Wednesday, December 15, 2010
On the 155th anniversary of the death of Celia, a slave who was executed at the Callaway County Courthouse in 1855, there will be a commemoration event to draw awareness to racism, sexism and domestic violence problems.
This will be the sixth annual Celia Commemoration, but the first time Melton McLaurin, author of the book “Celia, A Slave,” will speak at the event. The commemoration will begin at 6:30 p.m. Tuesday, Dec. 21, at the First Christian Church in Fulton. After speaker presentations, there will be a candlelight procession to the courthouse lawn.
McLaurin is a retired history professor at the University of North Carolina at Wilmington. He visited Fulton in the early 80s while doing research for his book.
“I’m looking forward to going back,” he said, “and seeing what this event is like.”
“Celia, A Slave” was published in 1991. McLaurin said Celia’s story is a “powerful” one.
“I just find it incredible that Celia has taken on a life of her own since this publication,” he said.
Tom Clapp, member of the Cultural Competence Council, was instrumental in organizing the event and having McLaurin attend it this year. Clapp said he is looking forward to McLaurin’s presentation entitled “Celia and Her Sisters,” which will focus on Celia, slaves like her and what they went through.
Barb Huddleston, curator at the Kingdom of Callaway County Historical Society, said the history behind Celia includes how she was a slave of Robert Newsom, her master who physically and sexually abused her. Huddleston said Celia was then tried for murdering her master with a piece of wood and then burning the body. Three lawyers, including Col. John Jameson, defended her; however, she was hanged for Newsom’s murder.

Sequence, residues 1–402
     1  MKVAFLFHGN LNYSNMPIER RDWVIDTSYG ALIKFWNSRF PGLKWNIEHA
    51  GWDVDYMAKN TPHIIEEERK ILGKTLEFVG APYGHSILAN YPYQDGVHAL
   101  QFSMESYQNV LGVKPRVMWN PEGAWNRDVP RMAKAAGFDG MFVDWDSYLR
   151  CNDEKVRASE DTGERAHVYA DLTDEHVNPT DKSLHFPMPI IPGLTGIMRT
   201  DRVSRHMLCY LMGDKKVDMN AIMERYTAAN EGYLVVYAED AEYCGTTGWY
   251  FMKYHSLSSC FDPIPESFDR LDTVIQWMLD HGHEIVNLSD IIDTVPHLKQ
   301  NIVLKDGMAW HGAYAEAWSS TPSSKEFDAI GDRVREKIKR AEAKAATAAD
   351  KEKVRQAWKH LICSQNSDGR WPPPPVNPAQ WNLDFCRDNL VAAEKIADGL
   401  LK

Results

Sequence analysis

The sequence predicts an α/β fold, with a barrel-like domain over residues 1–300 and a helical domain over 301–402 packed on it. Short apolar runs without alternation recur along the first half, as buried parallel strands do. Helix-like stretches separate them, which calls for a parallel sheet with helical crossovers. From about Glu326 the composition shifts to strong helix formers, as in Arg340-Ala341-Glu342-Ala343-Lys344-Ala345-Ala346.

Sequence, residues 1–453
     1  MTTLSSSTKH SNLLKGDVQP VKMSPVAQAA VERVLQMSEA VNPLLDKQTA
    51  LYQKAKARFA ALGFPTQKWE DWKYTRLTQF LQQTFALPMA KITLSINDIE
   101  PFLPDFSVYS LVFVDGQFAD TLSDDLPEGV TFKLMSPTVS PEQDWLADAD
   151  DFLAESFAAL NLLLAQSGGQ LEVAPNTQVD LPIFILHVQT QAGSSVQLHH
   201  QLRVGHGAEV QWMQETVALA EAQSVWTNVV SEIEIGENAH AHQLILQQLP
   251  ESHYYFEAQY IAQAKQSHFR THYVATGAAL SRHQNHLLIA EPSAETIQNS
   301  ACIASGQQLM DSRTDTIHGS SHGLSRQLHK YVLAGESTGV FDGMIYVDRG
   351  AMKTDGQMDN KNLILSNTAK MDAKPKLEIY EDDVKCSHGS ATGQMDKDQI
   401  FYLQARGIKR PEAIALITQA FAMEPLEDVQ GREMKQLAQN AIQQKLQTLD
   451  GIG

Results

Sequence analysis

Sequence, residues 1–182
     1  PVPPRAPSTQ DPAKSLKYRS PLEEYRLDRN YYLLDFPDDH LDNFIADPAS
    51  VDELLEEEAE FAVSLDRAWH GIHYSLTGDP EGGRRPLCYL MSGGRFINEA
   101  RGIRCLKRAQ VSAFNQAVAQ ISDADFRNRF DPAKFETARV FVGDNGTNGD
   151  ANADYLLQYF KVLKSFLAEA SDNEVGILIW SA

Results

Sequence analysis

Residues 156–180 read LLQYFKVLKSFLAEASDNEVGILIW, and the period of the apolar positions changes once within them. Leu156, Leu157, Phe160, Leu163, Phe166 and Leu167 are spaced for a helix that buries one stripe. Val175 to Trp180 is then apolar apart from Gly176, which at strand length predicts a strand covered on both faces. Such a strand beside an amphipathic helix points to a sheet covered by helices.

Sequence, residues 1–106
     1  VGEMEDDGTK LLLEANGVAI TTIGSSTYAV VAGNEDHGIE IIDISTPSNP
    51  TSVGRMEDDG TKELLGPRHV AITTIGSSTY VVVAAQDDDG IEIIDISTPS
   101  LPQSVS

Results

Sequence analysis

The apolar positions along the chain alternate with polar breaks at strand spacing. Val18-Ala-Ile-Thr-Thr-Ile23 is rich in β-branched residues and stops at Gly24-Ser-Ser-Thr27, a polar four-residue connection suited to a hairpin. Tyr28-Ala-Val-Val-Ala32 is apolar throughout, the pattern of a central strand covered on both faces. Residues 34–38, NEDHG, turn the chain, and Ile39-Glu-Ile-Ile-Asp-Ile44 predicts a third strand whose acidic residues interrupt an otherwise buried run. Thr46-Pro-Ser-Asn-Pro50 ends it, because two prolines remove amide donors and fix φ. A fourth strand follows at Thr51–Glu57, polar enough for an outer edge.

Heather Phelps, co-chairperson on the Cultural Competence Council, said the purpose of the vigil is to stay in touch with the “history of our community.”
“It’s about standing up together and honoring (Celia’s) life and recognizing we still have a long way to go in dealing with the issues in racism, sexism and domestic violence,” Phelps said.
Several speakers are slated to give comments at the commemoration including Fulton Mayor Charlie Latham, Dr. Thomas Pawley III and Solomon Thurman. Pawley wrote the play “Song of the Middle River” about Celia’s life that was performed in February 2010 at the Fulton Theater for Black History Month. Thurman is an artist from St. Louis who spent time researching Celia in order to paint a portrait of her. The Center Against Rape and Domestic Violence will be giving a presentation during the vigil as well.
Cate Richard, Fulton, also plans to attend the event and share a reading of a fictional play she wrote about Celia. Richard now owns the house that used to belong to Col. Jameson’s son. She said Celia’s story is an important one to remember.
“It’s a fascinating piece of Fulton and Callaway County’s history,” Richard said.
One of the Competence Council’s missions for the commemoration is to promote community awareness of the county’s history and “provide new knowledge and more creative solutions to the continuing problems of racism and sexism.”
“I think (Celia’s case) is important, because the history of it explains why things are the way they are today,” Clapp said.
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